Building a Retro Linux Gaming Computer - Part 12: In Tremendous Pain

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Continued from Part 11: Forgotten Heresies

In 1998 developer Raven Software acquired the rights to Soldier of Fortune to make a video game inspired by the mercenary magazine of the same name. The plan was to make a realistic tactical shooter, with consultant John Mullins brought in to add both his insights and likeness to the project. The final result he described as "emblematic" of the real world experience, which is a generous way of putting it. Where the controversy laid was in the game's violence.

Soldier of Fortune was the first game to feature the GHOUL system, allowing for the depiction of damage to specific parts of the body, with your enemies reacting in graphic over the top ways. More pacific players might opt to instead just shoot the weapon from their hands, which is also made possible by GHOUL, but with your mission objectives often tied to eliminating all opponents on a map, such mercies are made just a block to your progress.

A more salient discussion could have been had on the plot of Soldier of Fortune, steeped as it is in the doctrines of western military interventionism. It is hard to take a detached view of your actions in the game when they are taking place within the context of what were then contemporary conflicts. No matter where you stand on these issues, I think we can all agree that the cutscene where Mullins deferentially walks in on Saddam Hussein is more than a little surreal today.

Unlike with Heretic II installing Soldier of Fortune off the CD-ROM was a breeze, with the Loki Update tool patching the game all the way up to the Gold Edition. Detail textures proved to be broken with this version of my graphics drivers, and like with Heretic II the dynamic lighting had a significant impact on the frame rate. With those disabled the actual reported frames per second was not far off what I saw on Windows 98, but the game still felt smoother from there.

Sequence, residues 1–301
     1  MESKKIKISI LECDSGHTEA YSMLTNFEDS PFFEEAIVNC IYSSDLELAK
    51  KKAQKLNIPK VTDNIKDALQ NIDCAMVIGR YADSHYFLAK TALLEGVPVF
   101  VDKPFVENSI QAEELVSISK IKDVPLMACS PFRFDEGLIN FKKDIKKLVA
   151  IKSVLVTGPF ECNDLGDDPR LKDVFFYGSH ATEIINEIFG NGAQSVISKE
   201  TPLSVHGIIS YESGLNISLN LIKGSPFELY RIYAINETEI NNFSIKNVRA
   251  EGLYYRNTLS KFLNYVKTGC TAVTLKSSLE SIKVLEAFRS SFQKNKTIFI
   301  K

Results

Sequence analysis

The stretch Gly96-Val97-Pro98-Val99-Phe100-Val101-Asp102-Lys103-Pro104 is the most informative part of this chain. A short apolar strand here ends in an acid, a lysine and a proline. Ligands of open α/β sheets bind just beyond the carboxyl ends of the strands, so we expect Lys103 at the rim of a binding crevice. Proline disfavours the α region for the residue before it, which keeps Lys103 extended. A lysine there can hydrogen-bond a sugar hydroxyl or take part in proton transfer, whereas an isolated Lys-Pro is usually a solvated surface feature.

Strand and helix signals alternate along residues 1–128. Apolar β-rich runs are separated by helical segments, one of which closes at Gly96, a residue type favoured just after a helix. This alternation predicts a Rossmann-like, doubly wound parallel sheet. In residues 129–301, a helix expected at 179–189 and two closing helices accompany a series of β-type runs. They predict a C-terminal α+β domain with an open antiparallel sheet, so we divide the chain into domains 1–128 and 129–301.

Feeling this I went ahead and turned down all the scalability settings in the menu for a little extra speed, with the exception of specular lighting as having it off made certain objects appear black. Setting the "gl_gentextures_broken" console variable to "1" is also supposed to fix texture issues on Linux. From there I selected a custom difficulty setting, allowing for unlimted carrying capacity and saved games, but cranking the enemy toughness up to Aggressive.

 

Anything lower than that and your opponents tend to be pushovers, with the exception of the armour piercing snipers and mounted turret guns, which are both overpowered and too often hidden in fog no matter the difficulty. The first Siberian level is the worst for this, with the Al-Fahad oil refinery also getting a dishonourable mention. I experienced a couple hard locks at the start of the Kosovo Hanger level as well, but other than that the game remained stable.

Stable though is not the same as bug free. I managed to break an elevator forcing a reload at one point, and while fighting the final boss I somehow convinced Dekker to stop pursuing me, allowing me to snipe him at my leisure. The music also started to skip as if it were being played on a record player. That final area in general was a pain, with the liberal amounts of Order soldiers using Microwave Pulse Guns slowing the game to a crawl.

While those are the most esoteric weapons found in the game, they are all fun to use and have applications in different situations. Some are better at piercing armour, some are better at taking enemies out at a distance, while others deliver more of a punch up close. My only real complaint is that Mullins throws grenades straight without any kind of arc, causing them to often be more lethal to me than any of the opposition.

In many ways Soldier of Fortune was ahead of its time, bearing a closer resemblance to the military shooters that would come to dominate in the decade after its release. The game teaches you to lean from cover while fighting what are for the most part human hitscan wielding enemies, all while battling through a mostly linear and highly scripted campaign. Given that Raven Software is now a close partner of Infinity Ward, it perhaps was a sign of things to come.

Every 3D accelerated game I have covered so far has used some variation of the Quake engine, being made by either Raven Software or by id Software themselves. This has meant I have been playing on friendly ground, as id Software were always a booster of OpenGL, which on Linux is the only graphics API supported by my Rage 128 Pro card. I think it is time to move into more hostile territory, and play a game that was very much optimized for Glide instead.

Carrying on in Part 13: Looks Almost Unreal

Return to Part 1: Dumpster Diving

Article taken from GamingOnLinux.com.